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# Measuring Voltage

## Measuring Voltage

(OP)
If I have a voltmeter that measures voltages up to 300 Volts, how can I use that same voltmeter to measure a signal between 300 volts and 600 volts? Specifically, this is for measuring the no load secondary voltage of a transformer.

Thanks

### RE: Measuring Voltage

You can't.

Then, there are several ways out. It depends on what power your transformer is. If it is a small (few hundred VA) unit, you can use a voltage divider hooked up from a couple of resistors. Use a low resistance to avoid capacitive influence and resistive loading by the voltmeter. Make sure that you understand what you are doing. Especially when it comes to power dissipation in the voltage divider and flash-over voltage of the resistors, which accidently (no pun) happens to be around 250 V.

If you are in doubt regarding the resistor's tolerance, you can easily check that by switching resistors. If you get the same reading - then your resistors are close enough.

If your voltmeter is an analogue one with typically 1000 ohms/volt, then you can simply double the range by adding 300 kohms between hot terminal and transformer terminal. If the consumption is something else, use that number.

If the transformer is a power unit, then just don't do it. The risks are too big. Arc-flash and all that.

Don't even measure the output of such a transformer with anything without a fuse (like in a fused measurement lead) or on the downstream side of a low-amp fuse.

Gunnar Englund
www.gke.org
--------------------------------------
Half full - Half empty? I don't mind. It's what in it that counts.

### RE: Measuring Voltage

(OP)
Thank you Skogsgurra for the reply. Right now I am thinking of inserting a low voltage potential transformer between the device under test and the voltmeter (which in this case is a Digital Multimeter). The transformers I would be testing range between 25VA and 7.5KVA. I would like to have it set up so that it would work for all those transformers.

### RE: Measuring Voltage

At those power levels, you will not risk much. At least not in the way of arc-flash.

A transformer - that's somewhat out-of-the-box. But surely doable.

Gunnar Englund
www.gke.org
--------------------------------------
Half full - Half empty? I don't mind. It's what in it that counts.

### RE: Measuring Voltage

There are High Voltage probes designed for this precise purpose.

Google some keywords such as: high voltage probe DVOM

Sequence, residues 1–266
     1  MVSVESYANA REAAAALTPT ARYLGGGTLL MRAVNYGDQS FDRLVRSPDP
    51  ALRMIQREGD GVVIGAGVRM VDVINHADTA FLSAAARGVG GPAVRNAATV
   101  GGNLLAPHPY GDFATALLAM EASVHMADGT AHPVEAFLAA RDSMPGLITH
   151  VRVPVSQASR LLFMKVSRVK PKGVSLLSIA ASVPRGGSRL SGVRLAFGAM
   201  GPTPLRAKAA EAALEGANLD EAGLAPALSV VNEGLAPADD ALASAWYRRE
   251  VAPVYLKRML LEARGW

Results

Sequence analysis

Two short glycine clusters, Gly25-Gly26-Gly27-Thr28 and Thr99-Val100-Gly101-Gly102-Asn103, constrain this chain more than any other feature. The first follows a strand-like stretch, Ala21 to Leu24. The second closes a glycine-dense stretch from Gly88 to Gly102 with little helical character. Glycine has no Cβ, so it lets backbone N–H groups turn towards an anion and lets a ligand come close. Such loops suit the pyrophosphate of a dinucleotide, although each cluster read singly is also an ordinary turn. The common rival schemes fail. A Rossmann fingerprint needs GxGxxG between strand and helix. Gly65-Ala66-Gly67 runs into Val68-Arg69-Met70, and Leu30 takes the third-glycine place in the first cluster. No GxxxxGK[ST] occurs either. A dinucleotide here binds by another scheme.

The advantage is that they're off-the-shelf and (presumably) safety approved.

They seem to about $100-$200 price range.

You wouldn't want one with too high a division ratio as you'd lose resolution. But 10-to-1 would be nice.

I presume it would put a slight load on the source, due to the resistive divider.

### RE: Measuring Voltage

While I agree with the previous posts, I will suggest:
If you will need to spend any money, it will be better spent buying a meter intended and certified for 600 Volt use.

Bill
--------------------
"Why not the best?"
Jimmy Carter

### RE: Measuring Voltage

Exactly, Bill!

But I got the feeling that there were no money to spend. If someone uses a DMM that cannot handle more than 300 V, then there are no money to spend at all.

Gunnar Englund
www.gke.org
--------------------------------------
Half full - Half empty? I don't mind. It's what in it that counts.

### RE: Measuring Voltage

(OP)
Hey everyone. Thank you for the replies. I was advised to use a 300V DMM and a 300V multiplexer and to build a circuit between the device under test (which can have measurements up to 600V) and the multiplexer. This option was presented as the cheaper option. There is a 600V DMM available but I am not able to get a 600V multiplexer from the same company. In the meantime I will search for other possible multiplexers to use and concurrently look into the methods listed above.

### RE: Measuring Voltage

My meter is Cat 3 rated and can handle many functions... doesn't seem to have one for Homework though.

### RE: Measuring Voltage

If you have an oscilloscope probe with a 10:1 setting you can use that and multiply by 10.
No danger with 300VAC , I have never seen s probe that would not withstand that Voltage - at least as long as it take to get the reading.

Kurt

### RE: Measuring Voltage

You can do it!!
by adding a voltage divider of 2 resistors
the resistors value shall be about 1/100 of the input resistance of the meter
that will give you an error about 1%
good luck

### RE: Measuring Voltage

How about a control transformer 600/120 (reading x 5) or something with a center-tapped primary as an auto transformer (reading x 2). Work out the exact ratio on a Voltage that the meter can read directly.

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